As a researcher of fire brigade history I've become acutely aware of the value of documents and records that remain of events that were many decades or even centuries before those experienced by my generation of firefighters.

Newspapers, meeting minutes and random ephemera make up the lions share of the information available from which to piece together the fascinating stories of our forebears and their lives. What is much harder to find are the first-hand recollections and memories of those who served in the brigades of the past and those who witnessed their deeds. 

From 2003 to 2006 the BBC accepted submissions to its People's War website. Whilst new submissions ceased at the latter date, the site now stands as a fascinating and valuable archive of real stories of real people and the part they played in Britain, its dominions and in theatres of war from the hard-working housewife of the home front to the most far-flung and forgotten Chindit of the Burma campaign.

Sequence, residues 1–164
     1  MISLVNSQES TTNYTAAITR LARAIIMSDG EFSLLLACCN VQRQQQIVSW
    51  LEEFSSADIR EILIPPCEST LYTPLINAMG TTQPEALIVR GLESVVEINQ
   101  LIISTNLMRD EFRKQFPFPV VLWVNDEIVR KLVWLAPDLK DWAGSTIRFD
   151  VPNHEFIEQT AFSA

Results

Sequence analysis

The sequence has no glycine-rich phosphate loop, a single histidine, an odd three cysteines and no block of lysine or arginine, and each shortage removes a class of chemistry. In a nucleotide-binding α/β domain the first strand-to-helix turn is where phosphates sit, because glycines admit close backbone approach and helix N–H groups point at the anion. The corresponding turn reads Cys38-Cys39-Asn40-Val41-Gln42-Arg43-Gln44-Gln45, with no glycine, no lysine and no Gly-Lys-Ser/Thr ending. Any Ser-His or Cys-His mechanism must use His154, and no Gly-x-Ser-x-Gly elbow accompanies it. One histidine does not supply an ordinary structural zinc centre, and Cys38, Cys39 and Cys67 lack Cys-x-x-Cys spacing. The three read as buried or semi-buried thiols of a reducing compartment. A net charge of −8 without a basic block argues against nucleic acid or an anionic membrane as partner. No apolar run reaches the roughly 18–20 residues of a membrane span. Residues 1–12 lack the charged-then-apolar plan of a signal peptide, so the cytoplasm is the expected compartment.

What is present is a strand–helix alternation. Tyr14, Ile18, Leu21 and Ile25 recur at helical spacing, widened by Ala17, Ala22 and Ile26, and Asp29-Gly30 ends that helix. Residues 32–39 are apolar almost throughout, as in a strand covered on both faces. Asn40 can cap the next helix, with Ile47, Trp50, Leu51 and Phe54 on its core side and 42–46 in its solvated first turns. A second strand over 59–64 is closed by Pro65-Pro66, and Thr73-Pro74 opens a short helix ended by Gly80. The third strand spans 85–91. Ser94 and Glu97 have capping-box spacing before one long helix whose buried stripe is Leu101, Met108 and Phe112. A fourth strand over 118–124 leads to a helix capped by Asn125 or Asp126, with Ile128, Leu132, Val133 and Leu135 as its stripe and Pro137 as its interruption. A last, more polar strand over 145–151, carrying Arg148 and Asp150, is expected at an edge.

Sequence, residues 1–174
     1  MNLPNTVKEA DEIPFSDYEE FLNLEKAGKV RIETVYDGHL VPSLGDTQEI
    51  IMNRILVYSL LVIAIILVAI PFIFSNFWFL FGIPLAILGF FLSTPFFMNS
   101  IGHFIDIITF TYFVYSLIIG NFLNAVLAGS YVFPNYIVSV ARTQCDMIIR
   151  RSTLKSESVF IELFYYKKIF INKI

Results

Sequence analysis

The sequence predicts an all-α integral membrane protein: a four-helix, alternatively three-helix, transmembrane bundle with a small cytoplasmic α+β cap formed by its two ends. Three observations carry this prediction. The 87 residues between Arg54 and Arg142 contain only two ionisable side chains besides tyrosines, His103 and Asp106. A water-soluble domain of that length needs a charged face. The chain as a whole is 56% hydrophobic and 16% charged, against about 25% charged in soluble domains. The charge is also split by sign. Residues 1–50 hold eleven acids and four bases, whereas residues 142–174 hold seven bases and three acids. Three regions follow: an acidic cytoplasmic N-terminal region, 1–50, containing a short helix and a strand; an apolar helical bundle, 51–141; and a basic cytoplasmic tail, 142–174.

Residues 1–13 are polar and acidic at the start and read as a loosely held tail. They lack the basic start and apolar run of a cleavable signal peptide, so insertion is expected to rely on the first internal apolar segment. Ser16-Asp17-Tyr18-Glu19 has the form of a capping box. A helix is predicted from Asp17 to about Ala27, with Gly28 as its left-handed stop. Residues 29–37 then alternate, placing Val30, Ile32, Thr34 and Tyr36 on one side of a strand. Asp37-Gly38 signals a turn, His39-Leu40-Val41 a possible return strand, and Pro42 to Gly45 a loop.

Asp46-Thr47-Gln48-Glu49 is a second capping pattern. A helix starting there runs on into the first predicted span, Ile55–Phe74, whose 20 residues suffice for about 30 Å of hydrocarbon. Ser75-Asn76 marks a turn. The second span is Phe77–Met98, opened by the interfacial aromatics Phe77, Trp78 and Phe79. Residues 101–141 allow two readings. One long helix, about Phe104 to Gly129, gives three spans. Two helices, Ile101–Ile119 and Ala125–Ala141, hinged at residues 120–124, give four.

Inspired by this concept I have opened this new page of the IWFBF site Our Brigade. This is an opportunity for absolutely anyone who has a story to tell to forward it to me at damon.corr@btopenworld.com or via the Contact page. Don't worry about spelling or grammar, I can tidy it up if necessary, but please consider even the smallest paragraph that will add to an archive of Island fire brigade memories. 

As with the BBC's effort I will publish a page on this site per story and it will be located from a hyperlink listed below featuring the name of the person who created it.

I will retain the right to remove or amend anything that may cause others distress, embarrassment or offence. Anything that appears on the website will be my responsibility after having carried out a common-sense analysis of the content. 

 

*Charlie Woodford (Sandown Fire Station) from his book My Sandown, My Island.

*Len Williams (Ryde Fire Station) from his eulogy written by Maurice Fairall in Wight Fire, 1992.

*Pidge's Hideout! (Sandown Fire Station) an amusing anecdote from the late fireman Colin Pidgeon.

*Tigger's Revenge! (Ryde Fire Station) a personal confession of heroism gone wrong.